[concurrency-interest] PooledLinkedBlockingQueue

Doug Lea dl@cs.oswego.edu
Wed, 3 Nov 2004 09:54:13 -0500

> the performance of this implementation don't seem to 
> outperform conventionnal node allocation/deallocation. 

Right. I continue to doubt that you can outperform the current
GC-based approach using ThreadLocals in most applications. Here are
some rough calculations explaining why:

Allocation and field-initialization of a small object such as a list
node in hotspot (and most JVMs) is typically pretty fast, on the order
of 10 machine instructions. Normally, a node is allocated from a TLAB
(thread-local allocation buffer), which is just a few instructions
(none of them atomic), plus field initialization for nonnull
fields. Occasionally the TLAB runs out of space and needs to be
replenished, but this usually doesn't add much to the average.

Accessing a ThreadLocal is also reasonably fast, but typically
slightly slower than an allocation. I'd guess somewhere around 20
instructions. (This varies across machines - x86 might be relatively a
bit slower than others like sparc because thread-local base pointer
isn't kept in a register because there aren't many registers.) There
are ways to speed up access of different forms of thread-locals, but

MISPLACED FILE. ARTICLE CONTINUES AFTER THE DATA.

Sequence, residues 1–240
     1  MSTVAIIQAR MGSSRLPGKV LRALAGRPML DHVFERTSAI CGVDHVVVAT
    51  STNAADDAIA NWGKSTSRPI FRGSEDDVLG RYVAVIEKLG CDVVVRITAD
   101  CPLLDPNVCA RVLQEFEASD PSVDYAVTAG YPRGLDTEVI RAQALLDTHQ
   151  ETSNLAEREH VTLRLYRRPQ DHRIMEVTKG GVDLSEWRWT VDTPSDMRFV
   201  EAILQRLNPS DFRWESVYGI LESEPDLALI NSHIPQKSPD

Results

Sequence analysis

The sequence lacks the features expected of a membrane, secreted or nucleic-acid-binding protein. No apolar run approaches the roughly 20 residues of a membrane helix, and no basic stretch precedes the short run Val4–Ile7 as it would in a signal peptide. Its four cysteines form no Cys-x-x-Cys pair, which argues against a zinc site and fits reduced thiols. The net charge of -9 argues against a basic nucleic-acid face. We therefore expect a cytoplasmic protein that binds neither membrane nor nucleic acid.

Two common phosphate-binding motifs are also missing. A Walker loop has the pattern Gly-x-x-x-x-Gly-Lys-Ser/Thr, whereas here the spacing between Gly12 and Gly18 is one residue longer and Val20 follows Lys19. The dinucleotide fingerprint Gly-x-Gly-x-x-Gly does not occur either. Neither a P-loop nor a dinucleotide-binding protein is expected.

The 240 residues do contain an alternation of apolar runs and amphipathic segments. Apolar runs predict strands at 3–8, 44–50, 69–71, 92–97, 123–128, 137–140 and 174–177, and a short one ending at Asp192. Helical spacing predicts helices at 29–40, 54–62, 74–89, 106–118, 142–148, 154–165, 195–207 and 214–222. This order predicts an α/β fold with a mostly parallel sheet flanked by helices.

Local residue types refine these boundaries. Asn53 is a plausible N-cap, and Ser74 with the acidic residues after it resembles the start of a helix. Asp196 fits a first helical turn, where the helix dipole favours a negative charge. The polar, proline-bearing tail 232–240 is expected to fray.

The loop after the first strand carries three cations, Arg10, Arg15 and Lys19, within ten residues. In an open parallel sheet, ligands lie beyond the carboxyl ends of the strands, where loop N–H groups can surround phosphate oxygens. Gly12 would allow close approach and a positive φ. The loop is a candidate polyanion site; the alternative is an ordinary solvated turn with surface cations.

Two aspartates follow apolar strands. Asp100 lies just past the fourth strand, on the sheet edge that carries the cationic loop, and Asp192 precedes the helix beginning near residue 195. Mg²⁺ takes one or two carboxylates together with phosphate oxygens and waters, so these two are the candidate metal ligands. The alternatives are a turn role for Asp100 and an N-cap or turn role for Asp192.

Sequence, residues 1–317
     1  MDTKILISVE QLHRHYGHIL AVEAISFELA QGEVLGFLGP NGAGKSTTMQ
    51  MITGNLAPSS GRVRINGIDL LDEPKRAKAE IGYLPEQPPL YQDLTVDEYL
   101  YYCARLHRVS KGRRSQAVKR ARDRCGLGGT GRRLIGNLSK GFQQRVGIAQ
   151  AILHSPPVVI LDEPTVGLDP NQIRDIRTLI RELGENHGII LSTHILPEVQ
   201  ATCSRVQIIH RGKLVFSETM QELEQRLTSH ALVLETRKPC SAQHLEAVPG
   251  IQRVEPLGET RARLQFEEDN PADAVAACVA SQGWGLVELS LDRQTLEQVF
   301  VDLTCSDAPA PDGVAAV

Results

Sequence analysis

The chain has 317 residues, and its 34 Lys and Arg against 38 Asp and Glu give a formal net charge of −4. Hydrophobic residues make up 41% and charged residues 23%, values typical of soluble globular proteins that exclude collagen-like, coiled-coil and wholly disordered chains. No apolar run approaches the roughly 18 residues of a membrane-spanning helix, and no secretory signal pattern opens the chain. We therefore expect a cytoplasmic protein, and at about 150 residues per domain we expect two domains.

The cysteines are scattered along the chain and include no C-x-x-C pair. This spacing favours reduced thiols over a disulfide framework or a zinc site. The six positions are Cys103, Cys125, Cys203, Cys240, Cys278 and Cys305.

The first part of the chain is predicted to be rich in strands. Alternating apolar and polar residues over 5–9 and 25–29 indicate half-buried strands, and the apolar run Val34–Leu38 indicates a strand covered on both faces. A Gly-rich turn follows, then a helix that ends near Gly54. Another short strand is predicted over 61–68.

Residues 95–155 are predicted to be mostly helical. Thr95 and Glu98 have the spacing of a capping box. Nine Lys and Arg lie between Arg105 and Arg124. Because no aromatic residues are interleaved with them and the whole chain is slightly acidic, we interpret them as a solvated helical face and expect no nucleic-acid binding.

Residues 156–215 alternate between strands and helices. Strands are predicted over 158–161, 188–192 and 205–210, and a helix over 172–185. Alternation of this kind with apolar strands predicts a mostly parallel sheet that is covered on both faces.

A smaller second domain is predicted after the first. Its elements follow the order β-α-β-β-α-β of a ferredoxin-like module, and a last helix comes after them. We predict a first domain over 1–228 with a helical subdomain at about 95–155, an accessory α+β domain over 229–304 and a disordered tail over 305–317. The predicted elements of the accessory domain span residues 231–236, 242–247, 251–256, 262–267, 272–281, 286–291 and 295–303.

not by much. For example, you can create a Thread subclass, MyThread,
that has a listPool field. If all your Threads are of this subclass,
you can access the pool via
((MyThread)Thread.currentThread()).listPool).  This avoids a few
instructions of ThreadLocal lookup, but forces you to use MyThread
objects vs plain Threads everywhere and entails a checked cast, so
usually isn't worth it.

Comparing these, for the GC-based version, the total cost is
  Allocate/initialize + some portion of GC costs
And for recycling, it is
  2 ThreadLocal accesses + reinitialization + pool bookkeeping costs

In most producer-consumer applications, you'd expect GC to win here.
Usually, the items being queued by producers are themselves being
allocated, so there is both an item and a list node allocated per
producer operation, so the allocation of list nodes only increases the
frequency of GC by some (usually small) constant factor. If both sides
of the producer-consumer pair are relatively fast and don't retain
these items, then most of the gorbage is collected in young generation
scans, in which GC time is roughly proportional to the amount of
retained (live) objects, not the amount of garbage. In these kinds of
scenarios, the number of instructions ascribable to GC of a given list
node is likely to be less than the cost of a ThreadLocal access plus
pool bookkeeping.  There are other scenarios where it could go the
other way, but I think this one is the most typical.